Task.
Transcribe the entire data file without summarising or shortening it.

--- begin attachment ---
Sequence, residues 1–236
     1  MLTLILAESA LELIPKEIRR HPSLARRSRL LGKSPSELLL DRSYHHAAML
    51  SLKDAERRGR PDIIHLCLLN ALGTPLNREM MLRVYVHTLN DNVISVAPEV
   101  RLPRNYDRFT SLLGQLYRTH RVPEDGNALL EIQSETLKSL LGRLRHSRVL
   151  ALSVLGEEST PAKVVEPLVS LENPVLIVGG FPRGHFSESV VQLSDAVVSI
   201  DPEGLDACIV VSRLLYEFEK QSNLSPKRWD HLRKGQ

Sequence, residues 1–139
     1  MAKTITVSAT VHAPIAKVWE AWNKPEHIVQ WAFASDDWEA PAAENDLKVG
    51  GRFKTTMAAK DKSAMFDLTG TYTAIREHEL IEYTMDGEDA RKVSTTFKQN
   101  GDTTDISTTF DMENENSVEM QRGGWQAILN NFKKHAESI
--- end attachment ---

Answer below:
Sequence, residues 1–236
     1  MLTLILAESA LELIPKEIRR HPSLARRSRL LGKSPSELLL DRSYHHAAML
    51  SLKDAERRGR PDIIHLCLLN ALGTPLNREM MLRVYVHTLN DNVISVAPEV
   101  RLPRNYDRFT SLLGQLYRTH RVPEDGNALL EIQSETLKSL LGRLRHSRVL
   151  ALSVLGEEST PAKVVEPLVS LENPVLIVGG FPRGHFSESV VQLSDAVVSI
   201  DPEGLDACIV VSRLLYEFEK QSNLSPKRWD HLRKGQ

Sequence, residues 1–139
     1  MAKTITVSAT VHAPIAKVWE AWNKPEHIVQ WAFASDDWEA PAAENDLKVG
    51  GRFKTTMAAK DKSAMFDLTG TYTAIREHEL IEYTMDGEDA RKVSTTFKQN
   101  GDTTDISTTF DMENENSVEM QRGGWQAILN NFKKHAESI